Tracking predator movements to understand pathogen spread
Understanding how infectious agents circulate among populations of interest sometimes require to look beyond the populations of interest... We illustrate how predators and scavengers can contribute to pathogen spread among endangered seabirds.
On Amsterdam Island (Southern Indian Ocean), massive nestling die-offs have hit Indian yellow-nosed albatrosses (Thalassarche carteri) since the 1980’s, leading to the death of thousands of nestlings every few years. The recurrence and the intensity of the phenomenon led population biologist Henri Weimerskirch, who had been monitoring this population since the 1970’s, to suspect an infectious process. Bacteriological analyses of dead birds pointed towards a suspect: Pasteurella multocida, the agent of avian cholera. As the outbreaks kept happening and the population declining, in 2012, Henri offered to disease ecologist Thierry Boulinier to team up to try to find a solution.
As we all know now, controlling infectious diseases is easier said than done, and working on one of the most remote islands of the World does not make it easier. Thierry decided to give it a try, with a few ideas in mind. I joined his team as a PhD student in 2015 and left for my first field campaign a year later. We showed that vaccination can protect albatrosses against avian cholera. However, we had to explore other options, not involving yearly individual vaccination of thousands of nestlings. Understanding how the bacteria spread among albatrosses is critical to identify how to nip the problem in the bud.
This is where Thierry’s fascination for skuas (Stercorarius spp.) came at play. Thierry started studying skuas in the 1980’s on the Shetland Islands (Scotland) when he was still a vet student. Skuas are closely related to gulls and exhibit the same diverse and opportunistic foraging behaviours. On Amsterdam Island, they can scavenge on albatrosses potentially infected with P. multocida. Their foraging trips between albatross colonies could contribute to spread the pathogen on the island. However, skuas also exhibit complex social behaviours, and some individuals can be territorial, chasing any other bird entering their foraging territories, leaving them to forage at sea instead of seabird colonies. If it were the case on Amsterdam Island, targeting these few potential “super-spreaders” for vaccination or antibiotic treatment could potentially limit the spread of the pathogen among albatrosses. A promising venue.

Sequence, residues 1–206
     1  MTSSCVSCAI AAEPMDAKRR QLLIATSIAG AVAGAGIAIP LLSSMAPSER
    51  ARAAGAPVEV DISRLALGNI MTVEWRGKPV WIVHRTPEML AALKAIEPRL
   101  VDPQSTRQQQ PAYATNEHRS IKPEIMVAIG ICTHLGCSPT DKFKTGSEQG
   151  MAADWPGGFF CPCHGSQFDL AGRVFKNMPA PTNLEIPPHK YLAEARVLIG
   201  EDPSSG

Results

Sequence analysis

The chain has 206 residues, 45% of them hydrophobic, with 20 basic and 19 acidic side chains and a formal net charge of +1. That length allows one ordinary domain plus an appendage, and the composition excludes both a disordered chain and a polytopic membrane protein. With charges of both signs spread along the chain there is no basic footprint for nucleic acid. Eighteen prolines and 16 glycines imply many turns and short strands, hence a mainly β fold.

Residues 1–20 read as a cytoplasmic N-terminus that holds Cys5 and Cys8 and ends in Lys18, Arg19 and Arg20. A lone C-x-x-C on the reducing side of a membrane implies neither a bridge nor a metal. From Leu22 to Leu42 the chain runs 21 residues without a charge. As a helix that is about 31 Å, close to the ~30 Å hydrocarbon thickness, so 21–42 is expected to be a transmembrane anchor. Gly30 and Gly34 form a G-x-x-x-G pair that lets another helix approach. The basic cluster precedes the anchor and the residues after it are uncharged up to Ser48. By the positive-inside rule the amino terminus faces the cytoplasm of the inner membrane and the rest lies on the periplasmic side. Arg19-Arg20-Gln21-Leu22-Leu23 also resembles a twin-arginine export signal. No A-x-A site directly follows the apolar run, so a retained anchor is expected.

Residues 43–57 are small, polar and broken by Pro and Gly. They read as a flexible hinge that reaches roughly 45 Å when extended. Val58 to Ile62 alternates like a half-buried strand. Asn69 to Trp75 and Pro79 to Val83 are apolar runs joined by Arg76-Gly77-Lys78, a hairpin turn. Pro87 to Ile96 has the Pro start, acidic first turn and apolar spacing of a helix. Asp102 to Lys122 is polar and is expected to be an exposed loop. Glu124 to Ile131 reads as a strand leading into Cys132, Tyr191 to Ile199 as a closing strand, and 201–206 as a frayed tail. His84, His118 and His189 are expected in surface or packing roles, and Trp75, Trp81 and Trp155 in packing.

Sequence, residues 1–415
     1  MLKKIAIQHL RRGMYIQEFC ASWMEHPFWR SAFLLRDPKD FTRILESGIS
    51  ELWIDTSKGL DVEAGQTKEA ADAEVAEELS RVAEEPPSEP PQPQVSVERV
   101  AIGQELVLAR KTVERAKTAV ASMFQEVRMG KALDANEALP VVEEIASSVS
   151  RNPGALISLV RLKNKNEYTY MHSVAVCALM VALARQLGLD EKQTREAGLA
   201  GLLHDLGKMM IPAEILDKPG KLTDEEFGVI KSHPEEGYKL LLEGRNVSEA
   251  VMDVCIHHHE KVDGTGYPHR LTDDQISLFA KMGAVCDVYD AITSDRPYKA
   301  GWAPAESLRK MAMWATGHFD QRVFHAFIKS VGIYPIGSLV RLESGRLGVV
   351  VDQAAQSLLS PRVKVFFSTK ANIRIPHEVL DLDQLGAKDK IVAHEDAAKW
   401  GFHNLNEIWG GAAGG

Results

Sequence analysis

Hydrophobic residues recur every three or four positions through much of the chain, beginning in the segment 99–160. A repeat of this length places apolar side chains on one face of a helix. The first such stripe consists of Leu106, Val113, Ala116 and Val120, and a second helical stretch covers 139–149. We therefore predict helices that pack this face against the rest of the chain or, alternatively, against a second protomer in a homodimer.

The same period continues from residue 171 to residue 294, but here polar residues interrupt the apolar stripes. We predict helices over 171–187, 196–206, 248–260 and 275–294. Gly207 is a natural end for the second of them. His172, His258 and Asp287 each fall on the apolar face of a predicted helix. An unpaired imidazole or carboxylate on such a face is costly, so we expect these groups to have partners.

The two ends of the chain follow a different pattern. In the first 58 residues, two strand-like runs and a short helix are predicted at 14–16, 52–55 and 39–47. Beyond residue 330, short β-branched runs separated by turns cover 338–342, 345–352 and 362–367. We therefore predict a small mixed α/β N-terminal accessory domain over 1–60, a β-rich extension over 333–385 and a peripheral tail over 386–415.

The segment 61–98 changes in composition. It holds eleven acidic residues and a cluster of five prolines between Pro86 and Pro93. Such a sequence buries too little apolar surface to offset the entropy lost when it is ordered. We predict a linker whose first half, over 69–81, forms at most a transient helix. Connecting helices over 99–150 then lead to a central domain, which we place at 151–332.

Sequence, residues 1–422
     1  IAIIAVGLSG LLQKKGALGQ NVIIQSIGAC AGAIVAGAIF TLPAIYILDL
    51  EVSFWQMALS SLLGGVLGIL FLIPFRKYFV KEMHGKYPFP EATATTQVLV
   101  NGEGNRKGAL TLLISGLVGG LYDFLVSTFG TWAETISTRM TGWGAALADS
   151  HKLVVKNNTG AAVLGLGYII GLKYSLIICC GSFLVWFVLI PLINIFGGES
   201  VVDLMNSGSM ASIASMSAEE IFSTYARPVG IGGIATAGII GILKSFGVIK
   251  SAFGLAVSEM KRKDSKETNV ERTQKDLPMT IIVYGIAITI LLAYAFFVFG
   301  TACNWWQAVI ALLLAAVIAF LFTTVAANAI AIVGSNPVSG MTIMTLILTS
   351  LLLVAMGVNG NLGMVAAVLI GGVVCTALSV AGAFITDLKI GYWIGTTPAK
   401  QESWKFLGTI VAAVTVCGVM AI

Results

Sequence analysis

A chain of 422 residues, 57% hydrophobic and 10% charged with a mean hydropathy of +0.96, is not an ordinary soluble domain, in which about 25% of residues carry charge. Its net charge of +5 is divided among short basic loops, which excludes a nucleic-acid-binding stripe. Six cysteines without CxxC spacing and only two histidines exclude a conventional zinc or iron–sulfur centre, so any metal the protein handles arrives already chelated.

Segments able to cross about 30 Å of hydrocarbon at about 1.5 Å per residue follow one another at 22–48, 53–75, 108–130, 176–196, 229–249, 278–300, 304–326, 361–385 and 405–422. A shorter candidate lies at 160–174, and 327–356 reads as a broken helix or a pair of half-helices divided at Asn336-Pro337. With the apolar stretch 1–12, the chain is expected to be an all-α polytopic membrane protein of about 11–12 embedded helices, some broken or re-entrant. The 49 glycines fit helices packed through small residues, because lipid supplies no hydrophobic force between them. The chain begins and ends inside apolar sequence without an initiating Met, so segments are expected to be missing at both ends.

We thus investigated the potential role of brown skuas (Stercorarius antarcticus) in pathogen spread on Amsterdam Island. We tested whether skuas were carrying the bacteria using classical epidemiology tools, and tracked their movements during avian cholera outbreaks. A key factor in our study was the availability of GPS loggers allowing data downloading without having to recapture the birds, a technology that was not available during Thierry’s first investigations of skuas’ territoriality on the Shetland Islands. Skuas can be very difficult to recapture, and, on Amsterdam Island, they breed on a protected area to which access is highly restricted.
Working in such sites obviously raises logistical challenges that we have learned to overcome over the years. It takes several hours to hike from the scientific station to the skua colony on Amsterdam Island, so we camped close to it. We used hand-centrifuges to extract the plasma from the birds’ blood samples, lysis buffers that tolerate temperature variations to store swab samples destined to PCR analyses, and a rugged field computer to parameterize the GPS loggers and record the data, overall constituting an efficient mobile and field-proof laboratory.
The results came clear: skuas are highly exposed to the bacteria and all forage almost exclusively in costal albatross colonies during avian cholera outbreaks, and do not defend individual territories. Some good news came out too: breeding skuas do not seem to forage in the inland Amsterdam albatross colony during avian cholera outbreaks. This means that they are unlikely to spread the bacteria to this endemic species of only a hundred of breeding individuals.
Targeting the small skua population to control the spread of avian cholera on Amsterdam Island could thus be an efficient option, but we currently have another target in sight: introduced rodents. Indeed, how the bacteria keep re-merging on the island although most of the birds migrate at sea in winter remains a mystery. We suspect that rodents, who stay on the island all year long, might be maintaining the bacteria. Investigations are ongoing…
While this study was initially motivated by conservation concerns, it allowed to illustrate how considering ecological concepts, such as foraging behaviour and territoriality, can help thinking about disease mitigation protocols in wild systems and we hope to inspire more collaborations between population biologists and disease ecologists.
Find out more in our paper: Gamble et al. 2020. Predator and scavenger movements among and within endangered seabird colonies: opportunities for pathogen spread. Journal of Applied Ecology 57, 367–378.
Header photo: Amandine Gamble / IPEV.